India has been a special place for him and the Karmapa says it has helped him personally gain in many ways particularly in developing his spiritual powers including patience. “Particularly for Tibetan people, India is a very special country. Many of them have fled to India from Tibet. So for all Tibetan people, India really occupies a special place in our hearts,” he says. “It has been 17 years since I myself came to India. Personally, during this period, there have been some difficult times. But since I came, India has helped me develop my spiritual powers including patience,” Ogyen Trinley Dorje, the 17th Karmapa, told PTI in an interview. The spiritual head of the Karma Kagyu lineage of Tibetan Buddhism has come up with a book “Interconnected: Embracing Life in Our Global Society”, published by Wisdom Publications and distributed by Simon & Schuster, in which he says that the crucial next step is to move beyond theoretical understanding of our interconnectedness, to begin to actually feeling connected.
“…It has been far more beneficial for me to be in India than to have stayed in Tibet. I have been able to do and learn so much and have met so many people I would never have been able to meet had I stayed within my comfort zone,” he writes in the book. The book is structured in three parts – ‘Seeing the Connection’, ‘Feeling the Connection’ and ‘Living the Connection’.
You may also like to watch:
This book is primarily based on discussions the Karmapa had with a group of students from a US university in 2013. On growing hatred and conflict on religious lines, he says, “When we talk about religions, those practising these religions are all humans. Because humans have different emotions naturally they have different greed, hatred and mental frictions. And because they are not able to really counter their mental frictions the way they should, religion becomes a way and these mental friction increase.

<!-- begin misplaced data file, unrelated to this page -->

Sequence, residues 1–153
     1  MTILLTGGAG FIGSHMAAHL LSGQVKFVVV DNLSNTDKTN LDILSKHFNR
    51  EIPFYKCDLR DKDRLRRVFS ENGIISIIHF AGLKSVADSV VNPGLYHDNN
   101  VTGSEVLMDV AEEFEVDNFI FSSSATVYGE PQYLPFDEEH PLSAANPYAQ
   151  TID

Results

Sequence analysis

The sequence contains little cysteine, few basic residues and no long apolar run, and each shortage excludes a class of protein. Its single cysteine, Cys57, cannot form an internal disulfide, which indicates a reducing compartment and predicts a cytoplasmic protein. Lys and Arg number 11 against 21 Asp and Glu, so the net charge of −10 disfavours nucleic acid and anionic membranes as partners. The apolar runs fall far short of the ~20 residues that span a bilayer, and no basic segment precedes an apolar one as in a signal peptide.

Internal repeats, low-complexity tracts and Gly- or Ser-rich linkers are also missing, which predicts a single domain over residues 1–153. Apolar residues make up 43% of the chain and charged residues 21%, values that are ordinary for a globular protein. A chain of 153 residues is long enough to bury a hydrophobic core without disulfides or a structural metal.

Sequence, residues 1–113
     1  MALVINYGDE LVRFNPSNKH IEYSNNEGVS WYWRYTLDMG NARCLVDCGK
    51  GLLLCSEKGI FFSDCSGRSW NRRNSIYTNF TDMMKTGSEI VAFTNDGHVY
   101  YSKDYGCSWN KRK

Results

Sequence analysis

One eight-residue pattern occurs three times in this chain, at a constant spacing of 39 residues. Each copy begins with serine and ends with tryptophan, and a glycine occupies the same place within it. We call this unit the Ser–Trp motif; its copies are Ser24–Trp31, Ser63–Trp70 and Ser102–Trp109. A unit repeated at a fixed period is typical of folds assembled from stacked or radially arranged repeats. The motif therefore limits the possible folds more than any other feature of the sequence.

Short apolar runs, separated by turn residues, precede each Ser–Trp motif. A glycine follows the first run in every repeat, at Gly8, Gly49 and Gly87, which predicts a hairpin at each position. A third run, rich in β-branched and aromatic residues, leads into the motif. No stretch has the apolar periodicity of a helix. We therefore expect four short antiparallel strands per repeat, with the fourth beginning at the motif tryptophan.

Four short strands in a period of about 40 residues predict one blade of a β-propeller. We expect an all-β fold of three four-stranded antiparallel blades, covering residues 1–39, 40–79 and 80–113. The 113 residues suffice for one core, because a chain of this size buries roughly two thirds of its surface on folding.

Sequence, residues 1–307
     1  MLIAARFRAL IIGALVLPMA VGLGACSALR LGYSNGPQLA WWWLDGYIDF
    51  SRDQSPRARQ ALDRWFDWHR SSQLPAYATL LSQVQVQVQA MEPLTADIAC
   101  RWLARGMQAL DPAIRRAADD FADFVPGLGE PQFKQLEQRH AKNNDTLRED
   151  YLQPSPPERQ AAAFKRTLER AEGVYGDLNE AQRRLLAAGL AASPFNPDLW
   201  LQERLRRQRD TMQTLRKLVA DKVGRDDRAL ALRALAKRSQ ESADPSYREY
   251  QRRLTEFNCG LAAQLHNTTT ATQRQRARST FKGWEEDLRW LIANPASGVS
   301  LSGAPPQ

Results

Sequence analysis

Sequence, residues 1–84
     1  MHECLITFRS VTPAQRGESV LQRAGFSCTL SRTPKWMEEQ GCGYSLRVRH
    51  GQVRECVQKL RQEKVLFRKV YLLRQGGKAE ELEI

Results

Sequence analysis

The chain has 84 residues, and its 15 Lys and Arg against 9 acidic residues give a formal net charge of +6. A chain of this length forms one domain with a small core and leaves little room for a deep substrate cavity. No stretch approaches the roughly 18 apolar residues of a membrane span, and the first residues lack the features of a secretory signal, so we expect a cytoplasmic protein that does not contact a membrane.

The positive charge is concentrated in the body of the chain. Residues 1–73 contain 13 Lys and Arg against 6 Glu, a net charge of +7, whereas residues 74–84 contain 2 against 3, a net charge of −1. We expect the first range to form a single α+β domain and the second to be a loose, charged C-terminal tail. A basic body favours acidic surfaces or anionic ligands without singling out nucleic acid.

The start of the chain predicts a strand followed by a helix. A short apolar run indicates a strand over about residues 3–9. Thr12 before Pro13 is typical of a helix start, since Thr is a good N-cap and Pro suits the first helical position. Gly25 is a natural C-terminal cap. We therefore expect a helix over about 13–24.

“This is actually the fault of the practitioner. The situation is related to the practitioner and to the individual and it is difficult to say that this is unilaterally and categorically a question of religion.” Themes also explored in the book include the way electronic connectivity is transforming the way we relate, loneliness, consumer culture, animal protection and environmental sustainability.
Asked if personal connections are seeing a decline, the Karmapa says, “These days due to development in technology, making connections has become easier for people and because it has become so easier people really don’t value them. They do different things but most of these are meaningless. People don’t value relations they have with other people.
“How important it was when we used to receive a letter from someone when we were young. We would read it again and again and really value the latter. But now, it has become so easy for people to connect virtually that they have lost interest in personal connections.” He says another factor is that people don’t have the time to make connections with each other.
“Families don’t have the time to sit and have conversations and instead they prefer to exchange messages or call each other. So what is happening is that people are getting more and more lonely,” he rues. Asked if he also feels lonely at times, he says, “Yes. This is because of my responsibility. Also as a Karmapa you have a special role to play and cannot lead a normal life anymore.”